Three years ago, IBM’s (ibm) Watson made its public debut on the television game show Jeopardy!, where it beat its human competition. Since then, the game show-playing supercomputer has branched out to other pursuits -- trying to serve the more serious needs of the health care and financial services industries, for example. Now, one of its biggest advocates is branching out, too.
Manoj Saxena, the former general manager of IBM’s Watson Solutions, led commercialization efforts of the company’s once-gimmicky machine. Fortune has learned that the executive (and former startup founder) has left IBM to join The Entrepreneur’s Fund, a Silicon Valley-based venture firm that primarily invests in early-stage enterprise software companies. Naturally, Saxena will be leading investments in so-called cognitive computing apps, especially those built on the Watson data analytics platform.
“As an entrepreneur, I have learned to look around the corners,” says Saxena, now managing director at The Entrepreneur's Fund. “This whole convergence of mobile, social, big data, cloud, and analytics, it’s the perfect storm coming together for a whole new class of applications.”
Despite his new role, Saxena will still serve as an advisor to Michael Rhodin, the senior VP now in charge of IBM's Watson Group. He'll also co-fund many of IBM's investments (the tech giant recently announced its own $100 million Watson-focused fund) and vice-versa. Saxena and IBM have already made their first bet on a Denver-based health care management company called Welltok. The idea is to connect employees with corporate wellness plans by tapping into Watson's ability to read "millions of pages of data within seconds" and improve "its own performance by learning."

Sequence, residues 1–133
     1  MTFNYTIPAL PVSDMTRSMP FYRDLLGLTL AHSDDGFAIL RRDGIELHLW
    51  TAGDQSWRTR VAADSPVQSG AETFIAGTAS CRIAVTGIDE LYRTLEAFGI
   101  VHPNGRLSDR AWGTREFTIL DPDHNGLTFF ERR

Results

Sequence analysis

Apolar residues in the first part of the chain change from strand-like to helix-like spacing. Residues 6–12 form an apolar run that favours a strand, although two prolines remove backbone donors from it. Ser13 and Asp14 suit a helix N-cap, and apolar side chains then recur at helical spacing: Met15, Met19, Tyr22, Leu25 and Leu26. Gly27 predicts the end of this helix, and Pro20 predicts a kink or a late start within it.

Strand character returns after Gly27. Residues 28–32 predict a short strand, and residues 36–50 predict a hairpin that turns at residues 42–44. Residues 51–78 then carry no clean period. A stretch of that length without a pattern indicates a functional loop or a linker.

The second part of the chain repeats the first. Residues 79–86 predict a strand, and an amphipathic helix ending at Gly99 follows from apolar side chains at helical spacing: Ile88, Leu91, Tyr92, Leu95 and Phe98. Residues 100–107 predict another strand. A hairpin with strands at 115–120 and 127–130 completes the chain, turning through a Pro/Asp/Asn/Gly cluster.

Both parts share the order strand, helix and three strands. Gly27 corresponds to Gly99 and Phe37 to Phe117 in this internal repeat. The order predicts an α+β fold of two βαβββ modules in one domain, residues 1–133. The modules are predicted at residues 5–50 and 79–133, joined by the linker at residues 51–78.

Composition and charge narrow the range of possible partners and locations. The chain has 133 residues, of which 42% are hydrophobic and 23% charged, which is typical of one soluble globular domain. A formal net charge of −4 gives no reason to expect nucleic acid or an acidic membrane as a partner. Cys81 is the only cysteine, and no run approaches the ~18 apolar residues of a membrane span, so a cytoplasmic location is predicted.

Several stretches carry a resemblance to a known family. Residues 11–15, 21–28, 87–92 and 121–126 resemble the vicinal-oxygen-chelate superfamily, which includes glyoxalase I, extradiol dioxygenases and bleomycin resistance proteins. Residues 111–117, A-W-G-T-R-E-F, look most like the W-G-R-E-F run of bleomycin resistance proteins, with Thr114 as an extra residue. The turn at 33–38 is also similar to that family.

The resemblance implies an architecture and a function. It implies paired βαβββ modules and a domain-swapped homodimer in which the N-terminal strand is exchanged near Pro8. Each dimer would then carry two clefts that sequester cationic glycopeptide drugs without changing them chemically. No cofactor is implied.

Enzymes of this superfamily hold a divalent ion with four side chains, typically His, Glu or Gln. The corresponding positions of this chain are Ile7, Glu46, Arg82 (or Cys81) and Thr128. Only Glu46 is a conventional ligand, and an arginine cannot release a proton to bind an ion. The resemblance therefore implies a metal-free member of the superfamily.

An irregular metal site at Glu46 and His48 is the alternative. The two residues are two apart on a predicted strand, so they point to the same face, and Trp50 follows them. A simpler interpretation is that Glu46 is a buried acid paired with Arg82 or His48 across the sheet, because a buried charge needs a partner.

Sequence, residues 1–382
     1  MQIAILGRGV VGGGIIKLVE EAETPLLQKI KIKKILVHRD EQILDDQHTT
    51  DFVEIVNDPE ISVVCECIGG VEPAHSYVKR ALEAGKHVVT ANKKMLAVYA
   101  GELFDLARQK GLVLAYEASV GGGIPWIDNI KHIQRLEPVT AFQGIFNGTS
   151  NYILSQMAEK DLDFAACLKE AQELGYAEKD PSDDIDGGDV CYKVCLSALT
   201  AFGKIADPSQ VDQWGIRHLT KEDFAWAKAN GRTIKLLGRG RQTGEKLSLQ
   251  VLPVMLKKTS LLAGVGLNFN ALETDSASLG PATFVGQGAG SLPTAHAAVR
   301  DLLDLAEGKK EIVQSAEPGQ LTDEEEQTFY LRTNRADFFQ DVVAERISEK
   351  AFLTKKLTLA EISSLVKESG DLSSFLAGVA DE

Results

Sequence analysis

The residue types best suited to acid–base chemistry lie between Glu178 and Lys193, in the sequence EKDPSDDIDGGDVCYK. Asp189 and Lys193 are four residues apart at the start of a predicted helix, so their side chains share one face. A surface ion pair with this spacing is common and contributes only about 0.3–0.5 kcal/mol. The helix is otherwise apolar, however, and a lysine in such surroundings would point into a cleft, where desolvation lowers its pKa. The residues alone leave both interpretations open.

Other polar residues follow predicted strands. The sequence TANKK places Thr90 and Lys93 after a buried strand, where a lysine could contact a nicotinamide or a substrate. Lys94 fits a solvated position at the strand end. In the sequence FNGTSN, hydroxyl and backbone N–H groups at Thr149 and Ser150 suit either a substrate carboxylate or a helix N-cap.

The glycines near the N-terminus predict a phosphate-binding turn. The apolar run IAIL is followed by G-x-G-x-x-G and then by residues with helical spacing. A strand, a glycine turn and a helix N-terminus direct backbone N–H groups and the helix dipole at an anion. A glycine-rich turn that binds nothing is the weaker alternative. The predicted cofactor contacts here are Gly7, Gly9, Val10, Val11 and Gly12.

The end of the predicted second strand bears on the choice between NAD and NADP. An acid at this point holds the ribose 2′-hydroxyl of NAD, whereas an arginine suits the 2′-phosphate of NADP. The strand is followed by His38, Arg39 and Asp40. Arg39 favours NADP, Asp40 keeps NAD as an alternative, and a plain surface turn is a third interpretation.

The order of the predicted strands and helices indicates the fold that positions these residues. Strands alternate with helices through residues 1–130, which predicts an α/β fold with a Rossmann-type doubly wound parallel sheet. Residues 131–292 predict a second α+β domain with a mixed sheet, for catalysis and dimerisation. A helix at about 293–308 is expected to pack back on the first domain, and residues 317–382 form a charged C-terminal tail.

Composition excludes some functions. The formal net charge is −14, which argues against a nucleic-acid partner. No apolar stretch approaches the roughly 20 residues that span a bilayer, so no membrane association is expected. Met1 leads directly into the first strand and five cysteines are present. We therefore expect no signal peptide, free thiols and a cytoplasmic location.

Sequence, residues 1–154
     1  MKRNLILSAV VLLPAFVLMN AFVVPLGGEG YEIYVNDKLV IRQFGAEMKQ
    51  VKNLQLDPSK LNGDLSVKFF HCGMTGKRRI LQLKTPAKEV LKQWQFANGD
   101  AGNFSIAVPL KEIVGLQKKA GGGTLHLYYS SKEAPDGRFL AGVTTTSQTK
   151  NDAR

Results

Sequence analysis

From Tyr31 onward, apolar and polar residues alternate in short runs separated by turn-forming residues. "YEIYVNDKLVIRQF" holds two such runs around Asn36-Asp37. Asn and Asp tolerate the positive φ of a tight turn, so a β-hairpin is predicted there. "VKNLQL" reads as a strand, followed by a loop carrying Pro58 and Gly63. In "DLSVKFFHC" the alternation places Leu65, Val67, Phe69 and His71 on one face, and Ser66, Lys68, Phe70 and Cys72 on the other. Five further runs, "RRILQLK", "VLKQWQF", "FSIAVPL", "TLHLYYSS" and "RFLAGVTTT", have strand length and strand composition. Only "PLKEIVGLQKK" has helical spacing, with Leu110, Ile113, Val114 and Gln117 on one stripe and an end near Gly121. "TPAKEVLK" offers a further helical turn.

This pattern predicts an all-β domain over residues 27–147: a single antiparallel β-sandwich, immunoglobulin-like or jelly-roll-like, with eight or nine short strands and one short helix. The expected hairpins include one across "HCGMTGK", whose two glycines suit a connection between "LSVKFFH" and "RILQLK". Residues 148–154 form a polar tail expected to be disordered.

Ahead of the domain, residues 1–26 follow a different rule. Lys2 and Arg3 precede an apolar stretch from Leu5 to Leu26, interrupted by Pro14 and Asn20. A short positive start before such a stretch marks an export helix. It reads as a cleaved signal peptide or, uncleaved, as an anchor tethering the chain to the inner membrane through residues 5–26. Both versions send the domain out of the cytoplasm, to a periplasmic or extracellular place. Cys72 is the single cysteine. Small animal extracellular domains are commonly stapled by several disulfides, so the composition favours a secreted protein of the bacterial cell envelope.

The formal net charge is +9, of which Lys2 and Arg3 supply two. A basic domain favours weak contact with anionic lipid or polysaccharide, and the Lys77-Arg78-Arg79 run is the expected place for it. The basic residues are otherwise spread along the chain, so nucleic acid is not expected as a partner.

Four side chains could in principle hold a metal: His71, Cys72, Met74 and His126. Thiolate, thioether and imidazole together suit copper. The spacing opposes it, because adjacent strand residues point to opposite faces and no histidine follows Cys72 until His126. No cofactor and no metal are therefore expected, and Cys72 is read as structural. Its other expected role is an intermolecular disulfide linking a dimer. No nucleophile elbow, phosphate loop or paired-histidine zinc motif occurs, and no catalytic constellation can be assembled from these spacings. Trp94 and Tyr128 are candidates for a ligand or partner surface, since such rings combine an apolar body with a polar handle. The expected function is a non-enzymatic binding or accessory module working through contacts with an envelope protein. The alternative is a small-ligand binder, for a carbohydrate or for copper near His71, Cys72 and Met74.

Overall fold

"The ideas [for Watson] won't just come from within IBM," Saxena says. "We want to let the best and the brightest innovate."
In addition to Welltok, Saxena's fund has already made three other Watson-focused investments, though he declined to give names. At least initially, both Saxena and IBM's funds will focus on companies that serve the health care, retail, travel, financial services, and legal industries.
IBM continues to have big hopes for Watson. Just last month, the company announced it would invest more than $1 billion to create the Watson Group, dedicating 2,000 employees to commercializing the technology. Last November, it opened up its "Watson Developers Cloud," giving third parties access to its software development tools. And CEO Ginni Rometty has said the technology will usher in a new era of computing -- yes, one as big as mainframes and PCs.
But unlike platforms like Google's (goog) Android or Apple's (aapl) iOS, IBM's Watson will likely take many more years to become mainstream, if it ever does. Just "teaching" Watson -- a.k.a. feeding it mountains of data -- can be costly and time-consuming. With that said, funds that focus heavily on investing in these kinds of applications should help speed things along. (Kleiner Perkins Caufield & Byers' iFund, a $100 million fund focused on investing in iPhone apps, certainly didn't hurt Apple's ecosystem when it launched back in 2008.)
IBM has said it expects Watson and other business analytics products will help bring in $20 billion in revenue by 2015. If that's the case, then the company -- and Saxena -- will soon have much more than a Jeopardy! championship to tout.